But the whole point of your response was based on the possible security breach of the trusted node. None of the 1–3 would even be necessary if we posit that the nodes are fully trusted, ie safe.

If there is no breach, a blockchain is unnecessary — it is trivial to log transactions. It is a myth that an update is not traceable. Databases do transaction logging and user management out of the box as part of their normal function. It is not “much more work”, you get this for free - along with all the performance benefits that a relational database has, and 50 years of algorithm optimization.

The work only begins to be necessary when you start talking about security breaches, ie an untrusted party gaining access to a node, or deliberate manipulation by the company itself. Then you need encryption at rest (a flag), plus a couple more measures that I listed above. But in this same case, if your blockchain is not secured by proof of work or similar, it is not any safer than the database — there is literally nothing preventing anyone from simply rewriting the chain. Sure, the blocks are signed. I can sign them too. I have the key of the node, since I am already there. I don’t have to include any of the genuine transactions. I can forge any of the transactions to the same level as I could using a normal database. Modifying it is only a minor added annoyance in comparison with an unsecured database with signed data. With blockchain safety, you get exactly what you pay for, in this case, zero.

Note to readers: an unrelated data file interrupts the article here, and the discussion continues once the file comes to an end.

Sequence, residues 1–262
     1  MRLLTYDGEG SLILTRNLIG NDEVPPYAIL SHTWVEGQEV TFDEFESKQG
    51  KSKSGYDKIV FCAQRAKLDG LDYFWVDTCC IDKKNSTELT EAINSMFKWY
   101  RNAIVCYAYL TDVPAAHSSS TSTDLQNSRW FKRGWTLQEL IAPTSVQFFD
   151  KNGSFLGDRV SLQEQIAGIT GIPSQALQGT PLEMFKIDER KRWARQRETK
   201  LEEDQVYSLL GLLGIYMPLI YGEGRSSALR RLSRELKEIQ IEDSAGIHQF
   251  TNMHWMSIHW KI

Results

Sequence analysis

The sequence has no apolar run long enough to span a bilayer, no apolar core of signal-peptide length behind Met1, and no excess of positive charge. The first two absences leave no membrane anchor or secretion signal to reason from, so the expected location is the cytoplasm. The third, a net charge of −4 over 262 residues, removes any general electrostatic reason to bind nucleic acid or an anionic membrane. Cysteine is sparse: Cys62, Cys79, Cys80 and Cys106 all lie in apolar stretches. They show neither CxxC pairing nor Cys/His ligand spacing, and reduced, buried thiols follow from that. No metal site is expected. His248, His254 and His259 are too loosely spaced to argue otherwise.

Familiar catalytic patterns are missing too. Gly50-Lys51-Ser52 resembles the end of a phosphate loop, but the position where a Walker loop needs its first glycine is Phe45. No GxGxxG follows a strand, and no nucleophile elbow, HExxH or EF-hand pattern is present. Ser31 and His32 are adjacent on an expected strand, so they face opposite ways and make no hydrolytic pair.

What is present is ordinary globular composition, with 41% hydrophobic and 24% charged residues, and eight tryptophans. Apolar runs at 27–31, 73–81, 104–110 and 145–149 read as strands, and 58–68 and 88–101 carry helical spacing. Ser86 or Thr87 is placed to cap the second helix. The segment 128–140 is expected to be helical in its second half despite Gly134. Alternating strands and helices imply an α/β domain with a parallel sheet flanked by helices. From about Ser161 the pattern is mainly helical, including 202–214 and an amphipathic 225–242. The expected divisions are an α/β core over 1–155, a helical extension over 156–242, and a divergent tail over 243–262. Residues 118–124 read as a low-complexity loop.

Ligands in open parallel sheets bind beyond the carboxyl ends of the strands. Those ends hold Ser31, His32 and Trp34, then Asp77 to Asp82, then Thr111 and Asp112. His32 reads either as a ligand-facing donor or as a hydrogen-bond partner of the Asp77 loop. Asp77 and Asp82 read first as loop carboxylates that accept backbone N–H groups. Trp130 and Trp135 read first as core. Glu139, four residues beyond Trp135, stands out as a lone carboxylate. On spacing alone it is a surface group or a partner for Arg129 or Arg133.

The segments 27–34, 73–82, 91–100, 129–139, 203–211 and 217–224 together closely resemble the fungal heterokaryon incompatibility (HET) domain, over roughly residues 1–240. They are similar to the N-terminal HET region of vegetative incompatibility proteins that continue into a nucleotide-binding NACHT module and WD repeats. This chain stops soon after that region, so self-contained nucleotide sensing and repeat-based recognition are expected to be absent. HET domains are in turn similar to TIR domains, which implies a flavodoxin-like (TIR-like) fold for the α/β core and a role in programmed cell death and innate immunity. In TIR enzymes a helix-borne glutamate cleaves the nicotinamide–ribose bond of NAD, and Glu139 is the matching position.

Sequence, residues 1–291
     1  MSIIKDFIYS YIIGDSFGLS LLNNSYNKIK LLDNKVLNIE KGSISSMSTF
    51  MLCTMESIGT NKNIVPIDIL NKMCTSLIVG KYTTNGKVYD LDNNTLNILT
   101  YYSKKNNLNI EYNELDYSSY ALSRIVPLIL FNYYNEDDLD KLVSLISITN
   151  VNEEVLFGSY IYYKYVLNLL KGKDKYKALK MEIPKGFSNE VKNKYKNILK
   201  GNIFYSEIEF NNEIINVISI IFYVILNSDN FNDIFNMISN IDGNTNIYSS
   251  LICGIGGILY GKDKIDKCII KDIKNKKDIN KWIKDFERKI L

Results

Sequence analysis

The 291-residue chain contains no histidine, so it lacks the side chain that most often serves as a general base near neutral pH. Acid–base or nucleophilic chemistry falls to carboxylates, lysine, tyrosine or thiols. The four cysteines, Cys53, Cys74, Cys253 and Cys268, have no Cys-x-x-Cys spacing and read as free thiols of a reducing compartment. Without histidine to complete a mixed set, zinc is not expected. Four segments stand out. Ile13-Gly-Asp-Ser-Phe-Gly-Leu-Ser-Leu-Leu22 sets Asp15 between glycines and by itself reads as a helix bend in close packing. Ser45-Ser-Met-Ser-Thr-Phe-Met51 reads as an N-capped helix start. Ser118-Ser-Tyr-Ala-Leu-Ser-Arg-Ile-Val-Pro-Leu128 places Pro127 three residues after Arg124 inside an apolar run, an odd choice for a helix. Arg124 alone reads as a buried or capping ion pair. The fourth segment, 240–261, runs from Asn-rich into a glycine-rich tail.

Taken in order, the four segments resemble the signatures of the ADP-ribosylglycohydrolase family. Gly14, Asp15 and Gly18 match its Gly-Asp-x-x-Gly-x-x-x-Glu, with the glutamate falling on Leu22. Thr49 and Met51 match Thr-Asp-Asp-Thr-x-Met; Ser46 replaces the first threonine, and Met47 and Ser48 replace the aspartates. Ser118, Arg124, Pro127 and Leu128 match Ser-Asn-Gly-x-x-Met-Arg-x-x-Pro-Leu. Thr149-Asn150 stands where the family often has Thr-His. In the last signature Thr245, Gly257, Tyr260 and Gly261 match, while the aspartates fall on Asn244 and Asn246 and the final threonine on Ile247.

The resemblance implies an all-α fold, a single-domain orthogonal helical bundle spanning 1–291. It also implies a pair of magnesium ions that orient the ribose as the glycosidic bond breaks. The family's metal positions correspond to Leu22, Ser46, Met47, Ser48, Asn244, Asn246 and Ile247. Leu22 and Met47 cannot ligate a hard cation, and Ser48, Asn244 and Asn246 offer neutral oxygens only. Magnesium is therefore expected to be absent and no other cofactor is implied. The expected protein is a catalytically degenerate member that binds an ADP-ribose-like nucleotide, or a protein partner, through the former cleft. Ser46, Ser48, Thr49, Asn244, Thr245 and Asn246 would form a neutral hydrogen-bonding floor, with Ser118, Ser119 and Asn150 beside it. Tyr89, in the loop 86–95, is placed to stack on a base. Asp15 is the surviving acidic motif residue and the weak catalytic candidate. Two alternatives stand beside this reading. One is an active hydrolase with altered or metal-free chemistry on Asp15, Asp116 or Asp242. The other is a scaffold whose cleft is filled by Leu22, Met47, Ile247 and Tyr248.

This is why people are “mixing up” blockchain with cryptocurrency: if you expect untrusted actors to ever gain access to your blockchain, you have to introduce proof of work, which is expensive if you do it (CPU and electric power) and just as expensive when someone else does it. The other proofs of whatever don’t save you when someone untrusted has access to the infrastructure.

At the same time, for all of this, there is no relational access to the information, and you have to re-invent all the tools that you would get for free with a relational database.

So once again, what is the point?

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